The DNR wildlife biologist who tracks pheasant numbers says the winter and spring weather should offset each other to set up for a good fall hunting season.
Todd Bogenschutz uses a model of bird survival based on past weather information. He says the winter was mixed for pheasants.
“The northwest part of the state had relatively normal to just slightly below normal winter. The eastern third definitely had more snow than normal. The southeast had several ice layers, and in January and February, I was told humans could walk on top of it without breaking through,” Bogenschutz says.
He says the drought conditions actually help pheasants this spring during nesting, as a dry spring is usually good for the birds. Bogenschutz says the number of birds will vary by region. He says they should be good in the northwest part of the state and not so good in the eastern part of the state — so he expects the overall numbers should be as good or better than last year.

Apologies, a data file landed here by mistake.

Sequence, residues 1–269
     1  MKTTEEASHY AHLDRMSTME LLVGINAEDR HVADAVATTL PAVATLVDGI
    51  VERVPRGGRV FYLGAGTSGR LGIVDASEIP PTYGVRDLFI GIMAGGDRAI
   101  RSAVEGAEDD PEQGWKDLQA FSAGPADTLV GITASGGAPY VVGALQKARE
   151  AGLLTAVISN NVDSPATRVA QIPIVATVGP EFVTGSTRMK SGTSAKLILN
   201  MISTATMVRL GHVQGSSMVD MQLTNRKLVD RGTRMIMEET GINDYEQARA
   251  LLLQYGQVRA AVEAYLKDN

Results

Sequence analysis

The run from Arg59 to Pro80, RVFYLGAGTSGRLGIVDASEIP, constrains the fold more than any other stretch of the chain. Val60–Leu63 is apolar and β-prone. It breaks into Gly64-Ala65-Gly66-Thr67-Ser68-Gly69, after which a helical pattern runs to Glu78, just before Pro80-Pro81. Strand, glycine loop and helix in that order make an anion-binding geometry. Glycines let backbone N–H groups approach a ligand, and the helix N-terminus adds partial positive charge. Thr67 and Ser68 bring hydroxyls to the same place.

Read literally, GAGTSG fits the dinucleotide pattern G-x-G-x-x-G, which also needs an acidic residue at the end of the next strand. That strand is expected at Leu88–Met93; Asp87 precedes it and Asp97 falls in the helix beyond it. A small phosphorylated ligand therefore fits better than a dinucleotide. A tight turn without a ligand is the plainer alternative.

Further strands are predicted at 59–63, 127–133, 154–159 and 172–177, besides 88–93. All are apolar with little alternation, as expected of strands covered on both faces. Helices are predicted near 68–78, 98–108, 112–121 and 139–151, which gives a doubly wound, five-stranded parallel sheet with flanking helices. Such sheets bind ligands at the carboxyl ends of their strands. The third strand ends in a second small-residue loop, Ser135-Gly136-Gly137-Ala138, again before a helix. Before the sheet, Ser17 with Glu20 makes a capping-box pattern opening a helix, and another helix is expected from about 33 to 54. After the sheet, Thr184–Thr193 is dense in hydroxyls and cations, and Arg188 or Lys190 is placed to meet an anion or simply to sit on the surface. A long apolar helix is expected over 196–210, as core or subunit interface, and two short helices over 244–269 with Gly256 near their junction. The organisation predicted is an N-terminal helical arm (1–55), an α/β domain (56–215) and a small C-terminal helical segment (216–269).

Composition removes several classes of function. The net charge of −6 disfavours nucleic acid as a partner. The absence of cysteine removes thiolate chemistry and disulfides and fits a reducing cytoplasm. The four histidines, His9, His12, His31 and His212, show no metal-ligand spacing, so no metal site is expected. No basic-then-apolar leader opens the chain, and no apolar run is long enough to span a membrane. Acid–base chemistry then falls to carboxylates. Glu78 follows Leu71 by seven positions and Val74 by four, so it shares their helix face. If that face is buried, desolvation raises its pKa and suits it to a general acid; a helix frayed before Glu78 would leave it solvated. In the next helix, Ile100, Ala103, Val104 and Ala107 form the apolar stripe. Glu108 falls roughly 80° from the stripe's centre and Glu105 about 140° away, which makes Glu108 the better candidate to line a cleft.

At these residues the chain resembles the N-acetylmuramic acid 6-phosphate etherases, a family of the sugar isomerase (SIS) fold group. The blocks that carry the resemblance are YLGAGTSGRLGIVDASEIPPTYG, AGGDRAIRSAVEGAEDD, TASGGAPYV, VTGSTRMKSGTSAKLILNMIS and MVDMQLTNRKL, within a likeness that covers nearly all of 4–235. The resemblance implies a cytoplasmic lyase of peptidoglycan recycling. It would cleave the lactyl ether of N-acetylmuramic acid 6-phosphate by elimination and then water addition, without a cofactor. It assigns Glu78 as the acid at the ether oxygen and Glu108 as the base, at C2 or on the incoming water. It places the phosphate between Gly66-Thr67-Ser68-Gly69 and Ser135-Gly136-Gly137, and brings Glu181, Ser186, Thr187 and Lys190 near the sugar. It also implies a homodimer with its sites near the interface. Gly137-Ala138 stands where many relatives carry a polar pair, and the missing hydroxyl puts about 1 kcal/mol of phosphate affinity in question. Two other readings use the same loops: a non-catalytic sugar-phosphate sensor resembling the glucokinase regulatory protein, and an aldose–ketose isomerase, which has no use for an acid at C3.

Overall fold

Bogenschutz says the hatch is over and he’s already been hearing reports of birds. He says he’s had reports recently of young pheasants up the size of a meadowlark — which is about what he would expect. Bogenschutz says they will know for sure how well the pheasants have fared when they do their August roadside survey.